5
$\begingroup$

Let $\mathbb{G}$ be a connected reductive group over $\mathbb{F}_q$, and let $G$ be the base change to an algebraic closure of the base field. Denote by $F$ the associated geometric Frobenius.

Let $T$ be an $F$-rational (i.e. $FT=T$) maximal torus of $G$. As $T$ is $F$-rational, the Frobenius $F$ acts on the finite Weyl group $W(T)$. In general, the subgroup $W(T)^F$ consisting of $F$-fixed points is a proper subgroup, and depends on the choice of $T$.

How to determine when the longest element of $W(T)$ appears in $W(T)^F$? Is there a (maybe case by case) list available?


As commented below, the longest element is with respect to a Borel subgroup $B$ containing $T$: Then the longest element is the element corresponding to the open piece in $G=\cup_{w\in W(T)}BwB$.

$\endgroup$
  • 1
    $\begingroup$ Are you specifying an $F$-rational Borel that contains $T$? If not, how are you defining the simple reflections, resp. the length of elements, in $W(T)$? $\endgroup$ – Jason Starr Apr 11 '17 at 12:18
  • $\begingroup$ @JasonStarr No, I do not assume T is contained in an $F$-rational Borel. Roots can be defined by considering the conjugation actions of $T$ on minimal unipotent subgroups; when you specified the positive roots (i.e. choose a Borel), the simple roots are the indecomposable roots. These can be found e.g. in 0.26 and 0.31 of Digne--Michel's Representations of Finite Groups of Lie Type. $\endgroup$ – user148212 Apr 11 '17 at 12:40
  • $\begingroup$ @JasonStarr And if I understand it correctly, the longest element can be defined without the term of roots: It is the element corresponding to the maximal strata in the Bruhat decomposition. $\endgroup$ – user148212 Apr 11 '17 at 12:43
  • $\begingroup$ Are you defining the Bruhat decomposition of $\mathcal{B}\times_{\text{Spec}(F)}\mathcal{B}$, where $\mathcal{B}$ is the $G$-homogeneous scheme over $\text{Spec}(F)$ representing the functor of Borel subgroups? In that case, the maximal stratum can be defined as the open subscheme parameterizing those pairs of Borels whose intersection is a maximal torus. So the maximal stratum is $F$-rational. $\endgroup$ – Jason Starr Apr 11 '17 at 12:50
  • 2
    $\begingroup$ I guess that is what I was saying, but now I have a concern. If $w$ is an element of the Weyl group such that $wBw^{-1}$ and $B$ are opposite Borels, then for every element $s$ of the Weyl group, for the Borel $B'=sBs^{-1}$, it seems that the opposite Borel to $B'$ is obtained by conjugating by $sws^{-1}$, not by $w$. So now I renew my original question: how are you defining an element of "longest length"? $\endgroup$ – Jason Starr Apr 11 '17 at 13:14
8
$\begingroup$

Let $B$ be a Borel subgroup containing $T$. As $F(B)$ and $B$ are both Borel subgroups containing $T$ there exists an element $n \in N_G(T)$ such that ${}^nF(B) = B$. Thus the Frobenius endomorphism $F' : G \to G$ defined by $F'(g) = nF(g)n^{-1}$ induces an automorphism $F' : W \to W$, where $W = N_G(T)/T$, and this stabilises the Coxeter generators $\mathbb{S} \subseteq W$ determined by $B$. Thus $F'$ is a length preserving automorphism so must fix the longest element (by uniqueness). Hence, $F$ fixes the longest element if and only if $\bar{n} \in C_W(w_0)$, where $\bar{n} \in W$ is the image of $n$.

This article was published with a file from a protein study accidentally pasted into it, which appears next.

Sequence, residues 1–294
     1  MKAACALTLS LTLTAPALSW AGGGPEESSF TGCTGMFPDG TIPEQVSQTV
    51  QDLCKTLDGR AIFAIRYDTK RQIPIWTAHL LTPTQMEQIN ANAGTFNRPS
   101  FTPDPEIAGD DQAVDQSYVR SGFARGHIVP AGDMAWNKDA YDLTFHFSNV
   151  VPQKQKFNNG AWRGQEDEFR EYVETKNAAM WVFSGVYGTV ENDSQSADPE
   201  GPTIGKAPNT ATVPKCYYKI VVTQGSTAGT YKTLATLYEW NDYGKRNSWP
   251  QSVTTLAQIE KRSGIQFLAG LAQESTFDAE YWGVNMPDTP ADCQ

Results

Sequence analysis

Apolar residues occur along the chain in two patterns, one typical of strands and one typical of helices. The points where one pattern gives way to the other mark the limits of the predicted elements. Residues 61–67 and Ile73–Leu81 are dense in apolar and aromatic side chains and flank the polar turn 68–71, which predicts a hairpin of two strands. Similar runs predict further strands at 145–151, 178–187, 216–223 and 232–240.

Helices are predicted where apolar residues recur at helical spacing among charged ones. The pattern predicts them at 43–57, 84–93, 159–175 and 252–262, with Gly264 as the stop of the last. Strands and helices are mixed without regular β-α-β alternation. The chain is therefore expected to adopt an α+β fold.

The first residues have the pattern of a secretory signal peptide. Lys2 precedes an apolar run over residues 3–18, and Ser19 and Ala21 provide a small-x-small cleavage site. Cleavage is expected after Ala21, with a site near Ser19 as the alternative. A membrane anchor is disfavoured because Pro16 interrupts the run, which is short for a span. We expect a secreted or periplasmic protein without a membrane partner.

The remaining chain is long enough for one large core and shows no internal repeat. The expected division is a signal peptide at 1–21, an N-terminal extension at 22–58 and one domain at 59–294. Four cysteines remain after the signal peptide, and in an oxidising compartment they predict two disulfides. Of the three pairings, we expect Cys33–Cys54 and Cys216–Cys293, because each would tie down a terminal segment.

One can ask how unique the element $n$ is. Assume $m \in N_G(T)$ also satisfies ${}^mF(B) = B$ then $mn^{-1} \in N_G(B) = B$ so $mn^{-1} \in N_B(T) = T$ thus $\bar{n} = \bar{m}$. Hence the condition that $F$ fixes the longest element does not depend upon the choice of element $n$.

Let's see how to compute this in practice. Choose an $F$-stable maximal torus and Borel subgroup $T_0 \leqslant B_0 \leqslant G$. There then exists an element $x \in G$ such that $(T,B) = ({}^xT_0,{}^xB_0)$. Note, by the above argument that such an element $x$ is unique up to right multiplication by elements of $T_0$. Let $(W_0,\mathbb{S}_0)$ and $(W,\mathbb{S})$ be the Coxeter system defined with respect to $(T_0,B_0)$ and $(T,B)$ respectively. Then conjugation by $x$ induces an isomorphism $W_0 \to W$ mapping $\mathbb{S}_0$ onto $\mathbb{S}$. Hence, if $w_0 \in W_0$ is the longest element then ${}^xw_0 \in W$ is the longest element.

Assume $x^{-1}F(x) = n \in N_G(T_0)$ then we have $$F(B) = F({}^xB_0) = {}^{xn}B_0 = {}^{xnx^{-1}}B.$$ Hence $xn^{-1}x^{-1} \in N_G(T) = {}^xN_G(T_0)$ is an element as above. We have $x\bar{n}^{-1}x^{-1} \in C_W({}^xw_0) = {}^xC_{W_0}(w_0)$ if and only if $\bar{n} \in C_{W_0}(w_0)$. Thus one can easily construct examples where the longest element is not fixed.

$\endgroup$
  • $\begingroup$ Thank you. Does this property actually only depends on $T$, i.e. is it possible that there are $x$ and $y$ such that ${^xT_0}={^yT_0}$ but $x^{-1}F(x)$ represents an element in the centraliser while $y^{-1}F(y)$ does not? $\endgroup$ – user148212 Apr 11 '17 at 15:53
  • $\begingroup$ Yes, one can already see this from the first part of the answer. I'll update the answer to make it clearer. $\endgroup$ – Jay Taylor Apr 11 '17 at 19:54
  • $\begingroup$ The point here is that $x$ is unique up to right multiplication by elements of $T_0$. $\endgroup$ – Jay Taylor Apr 11 '17 at 20:26

Your Answer

By clicking “Post Your Answer”, you agree to our terms of service, privacy policy and cookie policy

Not the answer you're looking for? Browse other questions tagged or ask your own question.